Pummelled by weeks of hurricane-force blizzards and sub-zero temperatures — not to mention high-altitude disputes — the elite climbers known as Poland’s Ice Warriors gave in: K2 remains unclimbed in winter, one of mountaineering’s final frontiers.
The high profile Polish expedition arrived in Islamabad Friday to tell of their defeat by the Pakistani mountain — the world’s second highest peak, which is widely seen as a more difficult and deadly challenge than the tallest, Mount Everest.
It is the only one of the so-called eight-thousanders — the 14 mountains on the planet that are taller than 8,000 metres — that has not yet been summited in winter.
But the Poles’ ambitious — and expensive — expedition was troubled from the start by disputes over routes, interrupted by a high-profile rescue on another mountain, and even afflicted by disagreements over the definition of “winter”, the team revealed.
“So time passed,” said team leader Krzysztof Wielicki, the 68-year-old patriarch of Polish climbing, “and we had to decide to finish the expedition”.
K2 was first summited in 1954
K2, also known as the “Savage Mountain”, looms 8,611 metres (28,251 feet) over the Karakoram range on the China-Pakistan border.
It was first summited in 1954. Since then, just 306 people have made it to the top, while 80 have died trying, according to the 8000ers website.
Besides being technically difficult to climb, weather conditions on the peak are notorious. Further north than the Himalayas, it is battered by the full force of jet streams, Wielecki explained — currents of air at high altitudes that are so strong airplanes have trouble flying against them.
“K2 is the most difficult… in winter especially,” he said. “The worst weather is on K2.”
No winter lasts forever
The 13-member team — including their strongest climbers Adam Bielecki, a 34-year-old psychologist living in Krakow, and Denis Urubko, a Russian-Polish speed climbing specialist aged 44 — arrived at K2 base camp in January.
The team chose the Cesen route, a shorter but much steeper climb to the summit than the more commonly used Abruzzi Spur.
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It would prove to be their undoing, Wielecki admitted. In winter the rockfalls on the Cesen route are constant, and stones rained down on the team as they struggled to fix ropes.
One hit Bielecki in the face, gashing his forehead and breaking his nose, while another broke a team member’s arm.
In late January Bielecki and Urubko rushed to Nanga Parbat, another Pakistani eight-thousander, to carry out a daring night-time rescue of stranded French mountaineer Elisabeth Revol and Polish alpinist Tomek Mackiewicz.
The duo saved Revol but were forced to abandon Mackiewicz on the mountain, a terrible choice that Urubko recounted in an interview with AFP earlier this month.
The rescue caused an international stir — but in the days following it the futility of taking the Cesen route became ever more apparent.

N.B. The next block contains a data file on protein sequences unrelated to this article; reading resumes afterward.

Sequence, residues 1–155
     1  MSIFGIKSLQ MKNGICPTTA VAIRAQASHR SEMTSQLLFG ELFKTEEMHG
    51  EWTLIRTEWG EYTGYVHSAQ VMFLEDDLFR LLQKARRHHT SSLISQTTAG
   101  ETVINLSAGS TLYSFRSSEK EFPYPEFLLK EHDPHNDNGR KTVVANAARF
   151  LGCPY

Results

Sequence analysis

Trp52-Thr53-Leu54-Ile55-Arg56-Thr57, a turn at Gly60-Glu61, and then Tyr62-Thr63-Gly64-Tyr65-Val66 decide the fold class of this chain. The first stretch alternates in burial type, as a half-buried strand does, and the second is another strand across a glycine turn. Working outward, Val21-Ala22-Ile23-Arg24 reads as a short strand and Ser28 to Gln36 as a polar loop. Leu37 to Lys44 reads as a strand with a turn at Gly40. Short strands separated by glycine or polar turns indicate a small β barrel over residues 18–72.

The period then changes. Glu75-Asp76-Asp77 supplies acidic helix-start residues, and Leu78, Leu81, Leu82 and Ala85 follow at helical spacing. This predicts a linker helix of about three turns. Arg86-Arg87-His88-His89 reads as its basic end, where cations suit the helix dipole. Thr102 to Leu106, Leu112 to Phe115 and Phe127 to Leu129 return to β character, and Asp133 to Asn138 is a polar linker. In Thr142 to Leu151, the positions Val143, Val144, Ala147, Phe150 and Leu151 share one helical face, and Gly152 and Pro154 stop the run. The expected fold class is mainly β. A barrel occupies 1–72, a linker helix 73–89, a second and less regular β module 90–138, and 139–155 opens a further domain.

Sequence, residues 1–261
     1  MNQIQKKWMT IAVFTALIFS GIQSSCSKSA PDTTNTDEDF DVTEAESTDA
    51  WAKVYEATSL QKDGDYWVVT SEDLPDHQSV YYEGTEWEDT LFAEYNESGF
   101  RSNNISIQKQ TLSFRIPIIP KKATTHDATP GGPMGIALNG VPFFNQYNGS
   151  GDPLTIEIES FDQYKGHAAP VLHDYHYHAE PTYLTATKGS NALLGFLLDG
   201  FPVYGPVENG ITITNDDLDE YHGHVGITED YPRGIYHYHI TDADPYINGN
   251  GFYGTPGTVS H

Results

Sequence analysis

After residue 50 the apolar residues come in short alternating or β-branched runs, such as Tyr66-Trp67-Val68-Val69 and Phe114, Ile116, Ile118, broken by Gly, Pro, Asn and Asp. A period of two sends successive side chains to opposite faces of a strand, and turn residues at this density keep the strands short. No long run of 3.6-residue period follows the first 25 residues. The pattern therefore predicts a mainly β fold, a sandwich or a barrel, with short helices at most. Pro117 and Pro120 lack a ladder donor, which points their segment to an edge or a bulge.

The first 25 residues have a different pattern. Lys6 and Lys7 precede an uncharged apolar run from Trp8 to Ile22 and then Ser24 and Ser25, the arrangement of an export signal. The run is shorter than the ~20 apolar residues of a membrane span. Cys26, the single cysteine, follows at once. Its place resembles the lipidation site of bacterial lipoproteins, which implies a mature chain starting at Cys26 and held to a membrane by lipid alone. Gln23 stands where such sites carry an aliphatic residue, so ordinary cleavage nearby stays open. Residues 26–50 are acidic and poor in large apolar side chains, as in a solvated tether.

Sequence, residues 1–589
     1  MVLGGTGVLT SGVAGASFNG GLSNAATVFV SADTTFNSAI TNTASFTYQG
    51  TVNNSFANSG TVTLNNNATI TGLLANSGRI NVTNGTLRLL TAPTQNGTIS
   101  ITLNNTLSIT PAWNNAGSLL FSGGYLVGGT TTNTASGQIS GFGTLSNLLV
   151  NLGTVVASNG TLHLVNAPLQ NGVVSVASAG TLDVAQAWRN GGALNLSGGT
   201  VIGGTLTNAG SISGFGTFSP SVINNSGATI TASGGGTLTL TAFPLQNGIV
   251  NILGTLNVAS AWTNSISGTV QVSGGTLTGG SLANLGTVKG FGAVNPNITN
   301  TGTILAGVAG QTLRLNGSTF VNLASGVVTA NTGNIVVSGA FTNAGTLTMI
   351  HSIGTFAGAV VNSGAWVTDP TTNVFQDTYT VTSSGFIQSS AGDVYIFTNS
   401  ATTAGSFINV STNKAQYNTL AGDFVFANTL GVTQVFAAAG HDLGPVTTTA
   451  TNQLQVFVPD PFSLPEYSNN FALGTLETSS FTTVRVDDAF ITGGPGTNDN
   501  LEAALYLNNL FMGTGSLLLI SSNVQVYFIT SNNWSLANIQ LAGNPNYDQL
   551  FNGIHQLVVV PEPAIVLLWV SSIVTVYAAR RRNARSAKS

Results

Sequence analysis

“It was ambition, you know, but… the risk is too big,” Wielecki said. By February 11 he had decided: they would abandon the route in favour of the Abruzzi Spur.
But it had cost them nearly a month in precious time, and at that point Urubko made his now infamous decision to break away and attempt a solo bid.
He had been frustrated by the delay — especially as, it emerged, he and his teammates disagreed over the definition of “winter”.
Urubko insisted they only had until the end of February to find a weather window, but the others claimed just as fiercely that they had until the spring equinox in late March.
“This is the Denis Urubko philosophy,” Wielecki said. “I don’t know nobody in the world who follow his philosophy… but what to do?”
Described as “suicidal” by other climbers, Urubko’s bid made global headlines before he admitted defeat, flying back to Islamabad earlier this month.
The incident stressed out the rest of the team, they admitted.
“Only me and Denis were ready for the summit push,” Bielecki said, explaining that only they had made it to Camp Three and were acclimatised to reach the Death Zone, above 8,000 metres, where the air is too thin to sustain human life.
With Urubko gone, Bielecki said it was too risky to make the attempt alone. Instead of needing just one weather window, they would need two: one to acclimatise another climber, and one for that climber and Bielecki to summit.
“Obviously it complicated our expedition,” Bielecki said — though he added that many factors, including the choice of route, had contributed to the outcome.
For several days they waited in hope but by March 5 they knew it was too late. The expedition, they announced, would not happen.
Even the best mountaineers need luck to summit K2, Wielecki said.
But, he added, “I think it’s possible… I hope that the Polish people come back again here as we are the Ice Warriors. So we have to come back.”